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I would tend to think that as machines get progressively more powerful and effects get progressively more complicated, more and more things will be done by the API and underlying hardware to allow programmers to concentrate their efforts elsewhere. This has already been the case with z buffers, transforms, basic lighting, triangle rasterization, etc. No doubt it will also become standard for things like progressive mesh tesselation, per pixel lighting, procedural textures, etc. in the furture. Things that are common to most programs / problems, can always be handed off to the hardware / API to implement a common solution (i.e D3DX math lib). You will always have things to work on, but perhaps at a different level of abstraction. Otherwise I think you a correct in pointing out that the detail will start to overwhelm the programmer, and you will need something the size of a defense contractor just to make a simple game.

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quote:
Original post by invective
I would tend to think that as machines get progressively more powerful and effects get progressively more complicated, more and more things will be done by the API and underlying hardware to allow programmers to concentrate their efforts elsewhere. This has already been the case with z buffers, transforms, basic lighting, triangle rasterization, etc. No doubt it will also become standard for things like progressive mesh tesselation, per pixel lighting, procedural textures, etc. in the furture. Things that are common to most programs / problems, can always be handed off to the hardware / API to implement a common solution (i.e D3DX math lib). You will always have things to work on, but perhaps at a different level of abstraction. Otherwise I think you a correct in pointing out that the detail will start to overwhelm the programmer, and you will need something the size of a defense contractor just to make a simple game.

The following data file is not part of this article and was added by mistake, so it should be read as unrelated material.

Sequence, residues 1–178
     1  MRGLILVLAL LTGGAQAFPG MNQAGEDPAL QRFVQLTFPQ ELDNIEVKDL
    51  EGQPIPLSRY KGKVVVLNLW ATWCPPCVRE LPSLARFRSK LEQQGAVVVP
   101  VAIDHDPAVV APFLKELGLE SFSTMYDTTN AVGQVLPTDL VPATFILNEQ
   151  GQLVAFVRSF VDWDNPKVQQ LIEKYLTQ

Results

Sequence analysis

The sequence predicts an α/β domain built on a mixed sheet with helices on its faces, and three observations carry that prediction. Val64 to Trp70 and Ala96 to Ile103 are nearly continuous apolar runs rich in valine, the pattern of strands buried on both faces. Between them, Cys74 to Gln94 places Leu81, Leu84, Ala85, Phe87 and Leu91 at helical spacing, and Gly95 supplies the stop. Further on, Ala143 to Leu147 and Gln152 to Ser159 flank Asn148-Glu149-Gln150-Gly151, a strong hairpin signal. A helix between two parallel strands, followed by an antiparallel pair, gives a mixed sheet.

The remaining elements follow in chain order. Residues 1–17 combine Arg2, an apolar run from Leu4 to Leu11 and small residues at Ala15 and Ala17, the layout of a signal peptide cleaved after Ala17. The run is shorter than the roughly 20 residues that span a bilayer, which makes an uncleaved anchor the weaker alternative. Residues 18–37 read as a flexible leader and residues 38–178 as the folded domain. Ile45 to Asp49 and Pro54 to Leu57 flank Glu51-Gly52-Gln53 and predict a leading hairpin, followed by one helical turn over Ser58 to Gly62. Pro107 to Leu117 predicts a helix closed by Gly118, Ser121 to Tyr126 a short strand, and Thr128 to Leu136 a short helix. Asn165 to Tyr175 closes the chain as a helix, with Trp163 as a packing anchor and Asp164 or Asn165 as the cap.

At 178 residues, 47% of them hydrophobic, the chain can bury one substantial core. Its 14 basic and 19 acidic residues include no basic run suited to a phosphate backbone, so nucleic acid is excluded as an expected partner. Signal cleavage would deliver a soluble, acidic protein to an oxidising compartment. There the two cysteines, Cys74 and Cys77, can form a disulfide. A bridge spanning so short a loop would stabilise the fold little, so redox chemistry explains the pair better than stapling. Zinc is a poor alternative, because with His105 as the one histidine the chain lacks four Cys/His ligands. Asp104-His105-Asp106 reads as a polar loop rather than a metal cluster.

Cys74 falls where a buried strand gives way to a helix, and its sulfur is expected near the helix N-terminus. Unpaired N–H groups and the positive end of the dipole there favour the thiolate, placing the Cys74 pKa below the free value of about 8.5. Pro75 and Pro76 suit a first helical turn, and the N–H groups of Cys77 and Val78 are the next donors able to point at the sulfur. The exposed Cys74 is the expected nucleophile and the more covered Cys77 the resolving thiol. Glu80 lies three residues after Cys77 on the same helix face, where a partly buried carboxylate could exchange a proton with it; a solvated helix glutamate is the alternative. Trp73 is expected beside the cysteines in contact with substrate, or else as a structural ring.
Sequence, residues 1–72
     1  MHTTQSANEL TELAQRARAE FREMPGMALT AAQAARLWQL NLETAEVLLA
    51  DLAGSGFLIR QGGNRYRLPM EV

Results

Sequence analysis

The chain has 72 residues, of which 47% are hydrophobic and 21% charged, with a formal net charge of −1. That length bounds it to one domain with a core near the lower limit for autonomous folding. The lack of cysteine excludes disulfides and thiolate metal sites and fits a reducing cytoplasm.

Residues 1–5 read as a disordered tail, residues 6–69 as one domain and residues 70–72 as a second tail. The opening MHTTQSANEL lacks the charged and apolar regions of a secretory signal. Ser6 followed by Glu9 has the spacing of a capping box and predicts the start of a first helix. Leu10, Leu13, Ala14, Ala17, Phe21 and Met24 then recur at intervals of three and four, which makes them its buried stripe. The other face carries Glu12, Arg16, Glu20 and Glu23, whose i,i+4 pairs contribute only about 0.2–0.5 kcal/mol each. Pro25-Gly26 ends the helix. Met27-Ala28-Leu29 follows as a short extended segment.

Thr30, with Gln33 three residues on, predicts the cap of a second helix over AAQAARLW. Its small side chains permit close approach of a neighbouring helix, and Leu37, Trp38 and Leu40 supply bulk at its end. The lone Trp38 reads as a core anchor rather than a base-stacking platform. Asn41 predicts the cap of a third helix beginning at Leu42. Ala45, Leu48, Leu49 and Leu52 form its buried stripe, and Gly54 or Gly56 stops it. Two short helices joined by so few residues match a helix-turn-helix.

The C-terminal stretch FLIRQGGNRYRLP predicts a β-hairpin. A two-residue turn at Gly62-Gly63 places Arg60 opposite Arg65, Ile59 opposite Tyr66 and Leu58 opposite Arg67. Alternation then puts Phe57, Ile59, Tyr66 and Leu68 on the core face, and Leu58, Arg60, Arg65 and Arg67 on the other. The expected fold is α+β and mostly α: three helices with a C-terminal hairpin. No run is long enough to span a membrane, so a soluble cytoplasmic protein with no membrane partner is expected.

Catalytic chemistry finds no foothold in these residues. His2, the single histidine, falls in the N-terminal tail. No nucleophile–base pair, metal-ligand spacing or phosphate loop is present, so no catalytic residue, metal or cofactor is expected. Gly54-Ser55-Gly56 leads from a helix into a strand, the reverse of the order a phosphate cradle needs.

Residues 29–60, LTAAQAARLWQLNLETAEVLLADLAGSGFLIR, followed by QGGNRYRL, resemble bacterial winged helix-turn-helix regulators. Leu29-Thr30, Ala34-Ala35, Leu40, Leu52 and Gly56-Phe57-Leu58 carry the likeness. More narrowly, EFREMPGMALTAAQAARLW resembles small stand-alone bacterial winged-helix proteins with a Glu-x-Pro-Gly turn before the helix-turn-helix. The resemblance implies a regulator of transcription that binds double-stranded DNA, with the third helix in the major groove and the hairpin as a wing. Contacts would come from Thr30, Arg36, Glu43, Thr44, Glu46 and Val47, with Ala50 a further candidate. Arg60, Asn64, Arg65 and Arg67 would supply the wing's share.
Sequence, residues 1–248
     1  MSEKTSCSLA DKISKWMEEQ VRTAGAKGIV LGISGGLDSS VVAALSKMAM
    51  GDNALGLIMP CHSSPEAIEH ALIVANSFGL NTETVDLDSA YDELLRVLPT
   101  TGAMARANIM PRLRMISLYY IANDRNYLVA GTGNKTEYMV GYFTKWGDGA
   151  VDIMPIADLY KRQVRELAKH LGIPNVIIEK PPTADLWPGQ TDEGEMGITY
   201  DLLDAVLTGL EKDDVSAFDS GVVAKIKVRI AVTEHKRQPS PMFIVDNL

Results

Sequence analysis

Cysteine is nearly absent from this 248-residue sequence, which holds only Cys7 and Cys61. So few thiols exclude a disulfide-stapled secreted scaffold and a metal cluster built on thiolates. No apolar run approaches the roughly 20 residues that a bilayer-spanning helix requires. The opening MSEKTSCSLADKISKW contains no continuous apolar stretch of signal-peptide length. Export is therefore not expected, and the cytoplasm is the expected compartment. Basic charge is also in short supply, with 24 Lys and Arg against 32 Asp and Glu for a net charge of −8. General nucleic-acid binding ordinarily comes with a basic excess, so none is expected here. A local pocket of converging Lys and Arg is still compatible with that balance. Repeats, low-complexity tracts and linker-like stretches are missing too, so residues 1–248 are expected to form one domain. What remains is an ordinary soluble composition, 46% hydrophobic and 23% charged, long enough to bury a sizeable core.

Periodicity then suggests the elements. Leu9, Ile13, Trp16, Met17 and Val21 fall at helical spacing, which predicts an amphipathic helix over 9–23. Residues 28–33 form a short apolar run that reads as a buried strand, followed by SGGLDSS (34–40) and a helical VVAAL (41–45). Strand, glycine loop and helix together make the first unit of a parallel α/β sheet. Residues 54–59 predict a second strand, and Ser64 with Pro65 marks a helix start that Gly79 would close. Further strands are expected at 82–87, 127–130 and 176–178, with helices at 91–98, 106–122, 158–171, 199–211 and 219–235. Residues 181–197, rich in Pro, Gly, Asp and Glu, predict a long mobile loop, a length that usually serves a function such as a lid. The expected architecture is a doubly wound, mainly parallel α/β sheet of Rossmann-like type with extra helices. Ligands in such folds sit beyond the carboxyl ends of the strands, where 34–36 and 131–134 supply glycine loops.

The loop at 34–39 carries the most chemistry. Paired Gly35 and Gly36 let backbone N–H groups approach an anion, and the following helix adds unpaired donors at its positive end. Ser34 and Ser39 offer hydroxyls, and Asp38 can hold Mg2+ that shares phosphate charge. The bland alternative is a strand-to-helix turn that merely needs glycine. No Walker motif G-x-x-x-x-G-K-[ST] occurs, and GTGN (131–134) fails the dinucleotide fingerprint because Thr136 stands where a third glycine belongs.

So you think that vertex and pixel shaders are a step backwards?



Death of one is a tragedy, death of a million is just a statistic.

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quote:
Original post by python_regious
So you think that vertex and pixel shaders are a step backwards?



Why would I think that????? If all they did was offer the same functionality as the fixed function pipeline, but require more low level coding, that would be the case, but that is obviously not what they do. You can still use the old fixed function pipeline or even canned shaders if you want the same level of functionality. Additionally, there are a number of shaders available that you can just plug into your code and use or utilities to generate the code like nvlink. You also have the option of codeing specific effects to enable additional functionality that was not possible in real time before the advent of shaders.

However, if you look at where the shaders are going in the next version of Direct X and OpenGL 2.0, the move is away from a low level hardware specific asm like language (with different versions for different vendors), towards a higher level more abstract C like shader language common to all vendors.

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I feel it is a mistake to make the leap from some people to most people. Just look at user created mods for commercial games. That is mainly designers, not programmers doing that. Just because it takes a high level of expertise for a few people to create it doesn''t mean it takes a high level for expertise for most to use what the few created.